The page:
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If you are reading this post, it is highly likely that you already know that you are required to do a security risk analysis. You know that HIPAA, Promoting Interoperability Program (PIP) (formerly known as Meaningful Use) and MIPS all require it. You are also probably struggling to understand how to do the risk analysis.

The biggest struggle in healthcare compliance is the completion of the security risk analysis. Organizations of all sizes have been cited for not having an accurate and thorough risk analysis completed. Lack of human resources, internal expertise, time, cost, and access to vendors are all major reasons the healthcare industry is not meeting this requirement.

CMS is working to make this reporting easier. They recently released their SRA Fact Sheet to assist hospitals and critical access hospitals with their risk analysis. If you are not a hospital, this fact sheet is still an extremely useful resource!

CMS and the ONC have also updated their free SRA tool. NIST has also released a free tool designed for healthcare entities to comply with HIPAA. Despite having a free tool available, it is still difficult to complete the entire requirement, as the tool does not identify technical vulnerabilities, including encryption deficiencies.  The tools are also both quite lengthy consisting of over 400 questions that are highly technical.

There are some simple steps you can take to get you started on your risk analysis:

  1. Scope the assessment: Identify what the purpose of your risk analysis is and what areas of your organization will be included in the risk analysis.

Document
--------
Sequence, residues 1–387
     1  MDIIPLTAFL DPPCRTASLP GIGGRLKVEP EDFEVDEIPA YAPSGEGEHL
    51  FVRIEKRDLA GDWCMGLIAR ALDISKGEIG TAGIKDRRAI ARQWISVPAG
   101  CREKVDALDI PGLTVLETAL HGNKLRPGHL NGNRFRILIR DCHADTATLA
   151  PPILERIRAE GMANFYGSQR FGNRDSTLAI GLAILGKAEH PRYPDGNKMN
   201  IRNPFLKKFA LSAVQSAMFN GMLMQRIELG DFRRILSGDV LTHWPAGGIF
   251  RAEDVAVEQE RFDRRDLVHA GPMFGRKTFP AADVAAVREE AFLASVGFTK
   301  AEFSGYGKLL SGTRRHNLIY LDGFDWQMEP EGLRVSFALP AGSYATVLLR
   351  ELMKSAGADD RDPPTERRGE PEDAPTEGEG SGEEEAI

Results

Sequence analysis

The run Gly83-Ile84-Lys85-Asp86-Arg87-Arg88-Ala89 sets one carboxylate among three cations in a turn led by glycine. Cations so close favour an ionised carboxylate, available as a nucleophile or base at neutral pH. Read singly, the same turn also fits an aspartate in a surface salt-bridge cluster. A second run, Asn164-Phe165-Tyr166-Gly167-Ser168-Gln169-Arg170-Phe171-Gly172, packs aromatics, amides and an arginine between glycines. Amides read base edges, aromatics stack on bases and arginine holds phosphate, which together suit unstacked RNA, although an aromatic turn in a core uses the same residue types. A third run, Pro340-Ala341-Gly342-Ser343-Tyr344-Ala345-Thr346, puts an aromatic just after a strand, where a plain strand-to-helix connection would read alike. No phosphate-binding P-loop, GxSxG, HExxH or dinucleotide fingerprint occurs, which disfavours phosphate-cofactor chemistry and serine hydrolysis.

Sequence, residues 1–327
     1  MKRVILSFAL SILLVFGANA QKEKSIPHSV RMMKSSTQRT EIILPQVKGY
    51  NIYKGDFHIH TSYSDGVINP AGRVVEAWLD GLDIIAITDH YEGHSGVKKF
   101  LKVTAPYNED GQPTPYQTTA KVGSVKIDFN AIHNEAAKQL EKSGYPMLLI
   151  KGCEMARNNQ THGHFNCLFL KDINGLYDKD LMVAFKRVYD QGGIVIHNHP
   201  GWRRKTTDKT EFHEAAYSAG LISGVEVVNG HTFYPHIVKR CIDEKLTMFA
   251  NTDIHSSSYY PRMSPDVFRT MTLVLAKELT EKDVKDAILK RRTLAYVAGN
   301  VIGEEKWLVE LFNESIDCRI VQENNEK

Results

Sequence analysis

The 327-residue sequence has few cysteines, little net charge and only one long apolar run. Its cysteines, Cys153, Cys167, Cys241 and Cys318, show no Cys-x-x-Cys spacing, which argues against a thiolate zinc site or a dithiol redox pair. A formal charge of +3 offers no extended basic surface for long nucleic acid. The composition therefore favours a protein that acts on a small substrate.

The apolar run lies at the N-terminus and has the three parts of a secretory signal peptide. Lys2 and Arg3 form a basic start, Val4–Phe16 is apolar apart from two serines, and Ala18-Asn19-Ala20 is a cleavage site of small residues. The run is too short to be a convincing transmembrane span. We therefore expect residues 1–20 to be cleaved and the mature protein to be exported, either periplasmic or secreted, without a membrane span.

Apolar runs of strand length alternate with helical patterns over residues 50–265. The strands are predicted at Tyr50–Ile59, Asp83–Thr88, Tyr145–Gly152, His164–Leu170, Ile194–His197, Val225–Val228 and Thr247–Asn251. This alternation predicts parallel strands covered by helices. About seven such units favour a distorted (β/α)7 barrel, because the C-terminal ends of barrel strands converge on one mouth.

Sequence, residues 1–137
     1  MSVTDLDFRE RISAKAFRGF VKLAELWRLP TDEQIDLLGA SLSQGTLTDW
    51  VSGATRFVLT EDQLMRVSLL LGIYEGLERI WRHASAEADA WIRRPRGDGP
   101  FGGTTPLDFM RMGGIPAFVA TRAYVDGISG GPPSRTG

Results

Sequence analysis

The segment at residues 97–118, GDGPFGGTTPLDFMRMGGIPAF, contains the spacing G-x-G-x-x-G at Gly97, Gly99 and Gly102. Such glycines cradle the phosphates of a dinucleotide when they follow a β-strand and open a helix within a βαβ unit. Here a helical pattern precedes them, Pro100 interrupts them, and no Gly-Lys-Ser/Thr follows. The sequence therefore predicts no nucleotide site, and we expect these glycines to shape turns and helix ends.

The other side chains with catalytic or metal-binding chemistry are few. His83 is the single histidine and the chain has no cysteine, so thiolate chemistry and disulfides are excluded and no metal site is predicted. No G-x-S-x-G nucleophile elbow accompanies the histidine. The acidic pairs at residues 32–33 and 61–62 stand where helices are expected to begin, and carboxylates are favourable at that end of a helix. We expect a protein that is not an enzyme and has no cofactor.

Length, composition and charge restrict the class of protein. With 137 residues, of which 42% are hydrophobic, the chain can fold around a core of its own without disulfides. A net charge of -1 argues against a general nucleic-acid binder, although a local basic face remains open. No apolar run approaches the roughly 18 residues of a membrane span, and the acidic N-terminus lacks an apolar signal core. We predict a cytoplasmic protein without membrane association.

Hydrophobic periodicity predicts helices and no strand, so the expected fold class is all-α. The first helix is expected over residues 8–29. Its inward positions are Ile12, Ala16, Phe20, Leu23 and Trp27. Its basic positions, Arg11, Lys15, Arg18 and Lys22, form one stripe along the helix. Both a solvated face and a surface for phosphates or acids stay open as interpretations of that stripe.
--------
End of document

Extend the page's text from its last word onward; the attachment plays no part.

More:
2. Gather Information: Do a walk-through of your facilities and document any compliance deficiencies observed. Having a checklist will make this easier (contact us if you would like a checklist). You should also review your IT asset list and confirm all IT assets that receive, access, or store protected health information are listed. In this step you should also review all your policies and procedures to make sure they are up to date and meeting all the necessary requirements. You can also use a checklist or questionnaire for this (again contact us if you need this).
  3. Identify Potential Vulnerabilities: You should look for physical as well as technical vulnerabilities. For physical vulnerabilities, observe any locations that are not as secure as they should be (check locks, windows, exits, storage closets, etc). For technical vulnerabilities, the easiest way to achieve this is by using a vulnerability scanning tool.
  4. Identify Potential Threats: Using all the information from steps two and three, as well as considering your environmental threats (such as weather or location), list out all the likely threats to your organization. Examples of threats include ransomware, phishing, power outage, internal sabotage, and so on.
  5. Assess Risk Probability: In this step, you will determine the likelihood of a threat exercising a vulnerability. An example of what this means is: How likely is it that a hacker can send a phishing email and your employees will click on it? You will need to walk through all of your identified threats and vulnerabilities and ask this question.
  6. Assess Risk Impact: In this step, you will determine what impact (financial, legal, reputational, and process) you will experience if a threat does exercise a vulnerability. For example, if an employee does click on a phishing email and downloads ransomware, how much will that cost your organization to repair; will you have a legal impact; will that hurt your reputation and your ability to retain and attract patients; and will this cause you to have to adopt new policies and train your staff?
  7. After you complete all this, you will need to create a risk management plan. In this plan you need to prioritize all the identified risks and document a plan for correcting them.

If you have any questions, or if you would like help completing your risk analysis, please contact us today!

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